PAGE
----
FileMaker is a great tool that enables us to build critical business solutions by storing and managing data. This is why we often call it a “Database”. In fact, we know it is much more than that, but it has its roots in this category of database software. If you think of DuckDB as just another database, you will miss the point. Yes, it’s true that DuckDB also is in the category of database software, but it has a whole different approach on dealing with data.

While FileMaker is optimized for reading and writing rows of data. DuckDB is optimized for processing and aggregating columns of data, resulting in its unbelievable speed. While FileMaker is optimized for transactions and access by multiple users on a server, DuckDB is optimized for single processes on a single machine, without any features for record locking or network access from multiple users or devices. It just reads, transforms and writes data in very flexible and powerful ways. So each of this two databases has its very own feature set that are ideal in combination because they complement each other nicely.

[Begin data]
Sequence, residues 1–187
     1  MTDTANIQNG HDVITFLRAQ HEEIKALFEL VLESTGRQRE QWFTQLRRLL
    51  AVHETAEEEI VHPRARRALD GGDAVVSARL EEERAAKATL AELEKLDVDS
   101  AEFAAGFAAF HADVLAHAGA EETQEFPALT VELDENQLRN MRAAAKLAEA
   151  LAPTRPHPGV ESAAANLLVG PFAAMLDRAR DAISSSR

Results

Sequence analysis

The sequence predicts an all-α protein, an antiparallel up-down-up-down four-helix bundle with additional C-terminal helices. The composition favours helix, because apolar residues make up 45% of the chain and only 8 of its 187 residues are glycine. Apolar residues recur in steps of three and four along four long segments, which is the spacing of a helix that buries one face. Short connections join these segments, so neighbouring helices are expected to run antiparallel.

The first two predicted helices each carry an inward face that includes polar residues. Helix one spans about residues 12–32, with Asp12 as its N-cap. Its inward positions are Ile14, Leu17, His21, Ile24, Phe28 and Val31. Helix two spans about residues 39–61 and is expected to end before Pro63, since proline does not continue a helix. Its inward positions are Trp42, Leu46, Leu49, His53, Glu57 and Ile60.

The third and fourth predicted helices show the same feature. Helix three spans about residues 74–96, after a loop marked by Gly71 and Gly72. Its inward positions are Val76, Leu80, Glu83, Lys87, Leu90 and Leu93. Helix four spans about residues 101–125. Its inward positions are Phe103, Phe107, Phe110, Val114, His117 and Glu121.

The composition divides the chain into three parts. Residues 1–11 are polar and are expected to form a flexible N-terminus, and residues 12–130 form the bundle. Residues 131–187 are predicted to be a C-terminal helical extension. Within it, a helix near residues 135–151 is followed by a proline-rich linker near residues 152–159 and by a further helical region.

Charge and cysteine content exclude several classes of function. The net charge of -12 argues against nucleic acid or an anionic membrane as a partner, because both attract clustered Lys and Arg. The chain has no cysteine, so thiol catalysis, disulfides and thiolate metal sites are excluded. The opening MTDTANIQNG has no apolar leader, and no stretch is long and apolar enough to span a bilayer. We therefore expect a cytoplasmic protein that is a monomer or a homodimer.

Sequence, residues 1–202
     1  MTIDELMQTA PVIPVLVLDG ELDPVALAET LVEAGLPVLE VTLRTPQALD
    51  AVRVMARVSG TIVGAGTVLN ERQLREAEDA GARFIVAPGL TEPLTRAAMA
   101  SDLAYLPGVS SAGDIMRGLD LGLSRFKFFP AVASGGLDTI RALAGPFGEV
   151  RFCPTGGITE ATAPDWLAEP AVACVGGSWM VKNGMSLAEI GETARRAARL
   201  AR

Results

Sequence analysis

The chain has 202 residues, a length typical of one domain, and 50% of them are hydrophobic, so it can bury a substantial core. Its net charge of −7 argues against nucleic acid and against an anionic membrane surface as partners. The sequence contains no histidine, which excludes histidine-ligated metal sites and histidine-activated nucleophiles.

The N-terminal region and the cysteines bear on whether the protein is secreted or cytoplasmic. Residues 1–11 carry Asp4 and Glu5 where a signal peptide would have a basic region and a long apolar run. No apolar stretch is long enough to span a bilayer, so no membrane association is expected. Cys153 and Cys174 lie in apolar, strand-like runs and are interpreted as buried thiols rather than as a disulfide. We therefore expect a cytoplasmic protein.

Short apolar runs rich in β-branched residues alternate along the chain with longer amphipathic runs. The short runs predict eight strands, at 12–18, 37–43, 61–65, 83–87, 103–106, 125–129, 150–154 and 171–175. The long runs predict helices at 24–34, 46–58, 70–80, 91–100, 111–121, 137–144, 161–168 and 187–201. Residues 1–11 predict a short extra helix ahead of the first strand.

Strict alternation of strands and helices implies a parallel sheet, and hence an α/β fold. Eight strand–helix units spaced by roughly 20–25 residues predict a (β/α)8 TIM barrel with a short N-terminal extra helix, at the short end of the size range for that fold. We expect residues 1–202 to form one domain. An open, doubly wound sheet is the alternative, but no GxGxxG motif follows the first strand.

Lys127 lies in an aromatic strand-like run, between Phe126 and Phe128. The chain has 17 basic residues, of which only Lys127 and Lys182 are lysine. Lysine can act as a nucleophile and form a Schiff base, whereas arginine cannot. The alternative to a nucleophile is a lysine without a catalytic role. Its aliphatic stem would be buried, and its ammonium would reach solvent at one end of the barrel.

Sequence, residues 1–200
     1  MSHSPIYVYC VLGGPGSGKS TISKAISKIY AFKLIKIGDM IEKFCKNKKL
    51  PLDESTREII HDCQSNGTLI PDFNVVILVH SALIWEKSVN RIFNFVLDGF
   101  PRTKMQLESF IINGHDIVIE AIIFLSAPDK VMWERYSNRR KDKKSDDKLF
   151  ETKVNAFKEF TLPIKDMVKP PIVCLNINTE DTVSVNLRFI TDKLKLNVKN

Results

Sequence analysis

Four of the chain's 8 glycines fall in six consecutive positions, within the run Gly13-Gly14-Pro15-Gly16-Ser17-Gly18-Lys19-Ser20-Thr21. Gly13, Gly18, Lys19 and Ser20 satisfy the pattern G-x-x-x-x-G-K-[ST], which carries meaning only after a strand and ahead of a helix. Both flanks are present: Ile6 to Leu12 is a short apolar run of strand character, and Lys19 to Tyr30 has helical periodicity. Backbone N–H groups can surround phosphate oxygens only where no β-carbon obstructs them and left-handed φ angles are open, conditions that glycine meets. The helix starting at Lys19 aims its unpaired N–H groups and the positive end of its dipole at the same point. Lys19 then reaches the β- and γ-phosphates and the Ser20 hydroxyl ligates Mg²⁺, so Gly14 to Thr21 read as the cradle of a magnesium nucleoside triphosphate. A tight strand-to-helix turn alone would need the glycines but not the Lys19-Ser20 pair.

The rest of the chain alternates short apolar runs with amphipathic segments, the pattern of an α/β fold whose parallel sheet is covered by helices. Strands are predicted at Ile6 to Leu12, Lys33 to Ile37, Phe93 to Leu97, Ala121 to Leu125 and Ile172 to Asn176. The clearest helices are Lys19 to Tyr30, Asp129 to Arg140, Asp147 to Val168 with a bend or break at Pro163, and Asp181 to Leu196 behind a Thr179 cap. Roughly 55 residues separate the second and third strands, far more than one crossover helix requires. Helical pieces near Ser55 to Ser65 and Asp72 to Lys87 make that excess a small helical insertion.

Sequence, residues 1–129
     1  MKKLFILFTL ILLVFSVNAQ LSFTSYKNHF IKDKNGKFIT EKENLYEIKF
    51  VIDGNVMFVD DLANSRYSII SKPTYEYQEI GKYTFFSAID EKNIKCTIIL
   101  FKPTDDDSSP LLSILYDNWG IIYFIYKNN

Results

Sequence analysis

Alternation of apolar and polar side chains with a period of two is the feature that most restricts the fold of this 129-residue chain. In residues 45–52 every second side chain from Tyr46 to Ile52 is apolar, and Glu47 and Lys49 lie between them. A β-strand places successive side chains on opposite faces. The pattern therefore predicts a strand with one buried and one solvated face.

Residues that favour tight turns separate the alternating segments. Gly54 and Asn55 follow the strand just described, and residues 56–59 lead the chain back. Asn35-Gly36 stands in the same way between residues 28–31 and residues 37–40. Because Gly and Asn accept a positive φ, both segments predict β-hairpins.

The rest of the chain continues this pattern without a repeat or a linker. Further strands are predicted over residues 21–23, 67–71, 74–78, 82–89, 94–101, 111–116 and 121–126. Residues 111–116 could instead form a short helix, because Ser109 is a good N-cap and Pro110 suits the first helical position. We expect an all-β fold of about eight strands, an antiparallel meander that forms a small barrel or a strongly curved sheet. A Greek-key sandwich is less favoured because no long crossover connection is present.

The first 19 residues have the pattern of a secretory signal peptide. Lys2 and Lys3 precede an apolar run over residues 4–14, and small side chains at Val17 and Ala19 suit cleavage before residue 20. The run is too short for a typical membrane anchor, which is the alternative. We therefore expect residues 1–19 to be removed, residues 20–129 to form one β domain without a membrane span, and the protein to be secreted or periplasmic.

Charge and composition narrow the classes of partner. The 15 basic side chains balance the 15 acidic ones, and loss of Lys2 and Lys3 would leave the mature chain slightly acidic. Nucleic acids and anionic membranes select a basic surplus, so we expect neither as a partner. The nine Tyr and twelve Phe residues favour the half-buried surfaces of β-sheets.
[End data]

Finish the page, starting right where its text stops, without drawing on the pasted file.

FileMaker and DuckDB is a winning team! There are many more use cases to be discovered, the journey has only just begun.